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submerged deciduous teeth n.
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Submerged deciduous teeth

Submerged deciduous teeth

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Submerged deciduous teeth

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  1. Submerged deciduous teeth

  2. Definition • The affected teeth do not come to the level of adjacent normal occluding teeth or submerged teeth are always 0.5mm or more below the intact marginal ridges of the adjacent teeth • Occurs after eruption/emergence of teeth in the oral cavity • due to a “failure in eruption”

  3. Causative Factors • Exact etiology : controversial • might be caused ankylosis, impaction, absence of a permanent successor, gaps in the periodontal membrane, trauma, infection, failure bone growth, abnormal tongue pressure • Trauma • Damage dental follicle / developing PDL • Disrupt the eruption of the tooth & become ankylosed • Most commonly affected – mandibular E, then D

  4. Prevalence • 1.3% - 38.5% based on pt age frequently in middle mix dentition; 8-9 yr old • 10 times more in primary than permanent mostly mandibular 2nd primary molar followed by mandibular 1st primary molar

  5. Complications • Malocclusion • Retention and delayed resorption of deciduous roots thus preventing eruption of permenant teeth • If the permanent successor is absent, loss of dental arch space is likely • a midline discrepancy may occur because the mesiodistal width of the primary submerged tooth is greater than that of the contralateral premolar • overeruption of the opposing teeth and tilting of the adjacent teeth can occur • Insufficient development of width and height of supporting bone • Increased risk of caries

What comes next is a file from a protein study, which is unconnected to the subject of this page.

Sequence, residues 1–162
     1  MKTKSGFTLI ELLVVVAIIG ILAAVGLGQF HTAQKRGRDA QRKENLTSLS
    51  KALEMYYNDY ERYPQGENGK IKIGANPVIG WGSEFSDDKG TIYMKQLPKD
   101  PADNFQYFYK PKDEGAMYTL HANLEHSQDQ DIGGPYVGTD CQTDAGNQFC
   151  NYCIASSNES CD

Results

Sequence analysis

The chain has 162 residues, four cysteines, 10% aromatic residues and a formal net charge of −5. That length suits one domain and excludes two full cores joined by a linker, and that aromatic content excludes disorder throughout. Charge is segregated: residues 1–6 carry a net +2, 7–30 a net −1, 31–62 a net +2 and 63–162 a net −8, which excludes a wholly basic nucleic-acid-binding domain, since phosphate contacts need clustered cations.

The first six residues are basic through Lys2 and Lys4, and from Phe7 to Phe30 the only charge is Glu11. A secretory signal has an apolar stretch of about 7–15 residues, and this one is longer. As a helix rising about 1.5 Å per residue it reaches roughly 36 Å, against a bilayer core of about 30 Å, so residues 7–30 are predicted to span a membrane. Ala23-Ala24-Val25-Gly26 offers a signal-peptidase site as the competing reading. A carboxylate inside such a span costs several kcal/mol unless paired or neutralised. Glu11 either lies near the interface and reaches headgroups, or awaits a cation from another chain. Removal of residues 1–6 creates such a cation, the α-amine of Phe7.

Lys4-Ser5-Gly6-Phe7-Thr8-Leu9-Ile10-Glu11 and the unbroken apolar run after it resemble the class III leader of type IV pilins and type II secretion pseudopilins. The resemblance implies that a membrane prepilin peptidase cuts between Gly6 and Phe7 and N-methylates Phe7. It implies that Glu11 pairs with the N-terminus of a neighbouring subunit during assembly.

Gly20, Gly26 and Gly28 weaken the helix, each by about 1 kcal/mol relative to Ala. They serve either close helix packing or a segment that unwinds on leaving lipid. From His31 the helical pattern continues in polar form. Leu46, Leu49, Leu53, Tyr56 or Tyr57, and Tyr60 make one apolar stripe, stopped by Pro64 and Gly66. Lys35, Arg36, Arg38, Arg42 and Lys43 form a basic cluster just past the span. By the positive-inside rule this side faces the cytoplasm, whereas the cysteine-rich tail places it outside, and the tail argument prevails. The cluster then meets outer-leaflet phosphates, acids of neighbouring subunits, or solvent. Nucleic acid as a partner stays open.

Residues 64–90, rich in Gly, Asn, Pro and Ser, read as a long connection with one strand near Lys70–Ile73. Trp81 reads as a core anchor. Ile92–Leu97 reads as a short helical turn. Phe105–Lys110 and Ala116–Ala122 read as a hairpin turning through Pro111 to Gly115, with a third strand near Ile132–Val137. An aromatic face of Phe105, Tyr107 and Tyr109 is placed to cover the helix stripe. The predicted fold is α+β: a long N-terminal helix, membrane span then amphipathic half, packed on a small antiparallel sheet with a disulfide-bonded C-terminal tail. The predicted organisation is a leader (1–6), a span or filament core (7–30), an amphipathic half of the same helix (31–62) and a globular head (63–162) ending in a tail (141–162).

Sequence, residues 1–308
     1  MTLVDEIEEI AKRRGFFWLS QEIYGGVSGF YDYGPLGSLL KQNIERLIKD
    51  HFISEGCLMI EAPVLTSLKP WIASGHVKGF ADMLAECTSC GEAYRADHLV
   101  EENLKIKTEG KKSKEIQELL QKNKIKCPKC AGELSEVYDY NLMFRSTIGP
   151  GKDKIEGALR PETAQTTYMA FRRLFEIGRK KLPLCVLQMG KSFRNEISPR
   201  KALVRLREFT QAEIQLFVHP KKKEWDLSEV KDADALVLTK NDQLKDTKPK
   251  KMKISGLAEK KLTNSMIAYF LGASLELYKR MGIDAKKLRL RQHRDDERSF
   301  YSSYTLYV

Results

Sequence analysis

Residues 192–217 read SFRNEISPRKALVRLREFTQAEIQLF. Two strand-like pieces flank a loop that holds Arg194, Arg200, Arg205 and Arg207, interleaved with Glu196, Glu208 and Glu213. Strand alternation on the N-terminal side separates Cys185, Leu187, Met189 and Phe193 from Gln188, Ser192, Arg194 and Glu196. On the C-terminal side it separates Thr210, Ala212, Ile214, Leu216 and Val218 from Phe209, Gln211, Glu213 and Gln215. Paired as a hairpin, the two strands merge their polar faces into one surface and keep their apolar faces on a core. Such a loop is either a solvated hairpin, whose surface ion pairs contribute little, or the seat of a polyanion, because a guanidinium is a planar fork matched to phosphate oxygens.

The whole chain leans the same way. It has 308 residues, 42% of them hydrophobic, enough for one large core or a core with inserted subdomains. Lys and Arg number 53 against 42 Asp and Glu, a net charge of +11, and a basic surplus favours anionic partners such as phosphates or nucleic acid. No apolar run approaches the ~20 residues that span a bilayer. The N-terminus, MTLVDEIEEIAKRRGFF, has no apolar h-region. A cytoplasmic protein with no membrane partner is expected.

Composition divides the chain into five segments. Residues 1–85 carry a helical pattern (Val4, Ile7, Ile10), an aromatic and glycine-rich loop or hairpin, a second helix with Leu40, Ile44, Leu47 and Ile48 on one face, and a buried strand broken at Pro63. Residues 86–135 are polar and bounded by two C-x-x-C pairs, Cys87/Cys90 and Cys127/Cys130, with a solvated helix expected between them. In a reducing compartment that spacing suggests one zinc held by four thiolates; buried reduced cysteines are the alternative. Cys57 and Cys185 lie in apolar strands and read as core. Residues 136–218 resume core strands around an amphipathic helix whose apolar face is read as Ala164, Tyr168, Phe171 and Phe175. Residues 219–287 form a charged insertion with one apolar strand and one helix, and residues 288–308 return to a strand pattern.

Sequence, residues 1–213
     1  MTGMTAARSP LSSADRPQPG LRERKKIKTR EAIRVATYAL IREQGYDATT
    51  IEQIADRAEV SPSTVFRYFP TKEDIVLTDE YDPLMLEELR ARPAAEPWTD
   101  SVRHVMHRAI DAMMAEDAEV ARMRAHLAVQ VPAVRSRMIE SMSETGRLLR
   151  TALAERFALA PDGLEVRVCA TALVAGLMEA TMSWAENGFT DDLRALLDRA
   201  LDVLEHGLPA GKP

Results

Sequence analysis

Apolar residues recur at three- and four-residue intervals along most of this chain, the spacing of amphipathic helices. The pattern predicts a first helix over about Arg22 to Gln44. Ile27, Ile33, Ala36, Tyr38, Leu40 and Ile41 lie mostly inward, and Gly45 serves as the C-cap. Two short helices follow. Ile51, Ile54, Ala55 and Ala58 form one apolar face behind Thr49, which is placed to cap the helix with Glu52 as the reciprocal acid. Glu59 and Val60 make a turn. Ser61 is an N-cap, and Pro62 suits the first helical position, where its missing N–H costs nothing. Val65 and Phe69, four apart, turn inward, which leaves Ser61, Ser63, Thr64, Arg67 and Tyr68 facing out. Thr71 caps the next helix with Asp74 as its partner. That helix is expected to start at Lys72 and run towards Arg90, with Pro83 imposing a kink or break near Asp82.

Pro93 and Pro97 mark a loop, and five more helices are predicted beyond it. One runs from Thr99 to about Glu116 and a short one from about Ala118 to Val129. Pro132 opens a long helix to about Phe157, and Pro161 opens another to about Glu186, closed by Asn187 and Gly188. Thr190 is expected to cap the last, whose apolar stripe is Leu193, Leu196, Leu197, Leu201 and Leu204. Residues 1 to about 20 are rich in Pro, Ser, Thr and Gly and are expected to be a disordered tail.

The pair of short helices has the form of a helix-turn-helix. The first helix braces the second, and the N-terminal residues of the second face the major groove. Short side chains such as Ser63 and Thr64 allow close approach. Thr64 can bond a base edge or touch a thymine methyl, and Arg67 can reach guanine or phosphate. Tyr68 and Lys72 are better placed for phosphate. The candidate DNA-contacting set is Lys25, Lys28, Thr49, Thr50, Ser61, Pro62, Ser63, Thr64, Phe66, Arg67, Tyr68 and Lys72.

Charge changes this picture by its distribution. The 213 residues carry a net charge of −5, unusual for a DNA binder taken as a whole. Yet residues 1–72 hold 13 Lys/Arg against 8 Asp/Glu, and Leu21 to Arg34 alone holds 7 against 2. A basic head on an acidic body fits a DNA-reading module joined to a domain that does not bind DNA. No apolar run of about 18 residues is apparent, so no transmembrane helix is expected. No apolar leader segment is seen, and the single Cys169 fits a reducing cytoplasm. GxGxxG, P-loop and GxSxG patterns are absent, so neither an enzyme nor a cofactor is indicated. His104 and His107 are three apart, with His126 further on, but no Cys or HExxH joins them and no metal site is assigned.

6. Diagnosis • Clinical examination reveals that the primary tooth is below the level of the occlusal plane • Tapping the tooth reveals an abnormal percussive “cracked teacup” sound • if there is ankylosis, the tooth is immobile • Rx - show lack of a well-defined PDL and lamina dura space and fusion of the root with bone • Depression in the marginal bone surrounding the submerged teeth, and often the permanent successor is lacking

  7. Management • Depends on whether the tooth are • Ankylosed (mostly) or not • permanent successor is present or absent • If tooth is not ankylosed • waiting for normal exfoliation has been suggested • 6 to 12 months relative to the unaffected contralateral tooth • If the premolar is present, spontaneous eruption is possible

  8. To prevent tipping of the adjacent tooth & overeruption of the opposing tooth • restoration of the occlusal surface is recommended eg. stainless steel crown or composite resin buildup • Extraction is recommended if there is a progressive • deep infraocclusion below the gingival margin, • severe tipping • ectopic eruption of the permanent successor • formation of caries and abscess

  9. If the permanent successor is absent, • the decision to extract depends on : • Condition of the tooth • Amount of root support • Degree of occlusion and • Patient’s preference • If a malocclusion exists, • referred to an orthodontist for evaluation, as extraction of the nonankylosed submerged tooth may influence future orthodontic treatment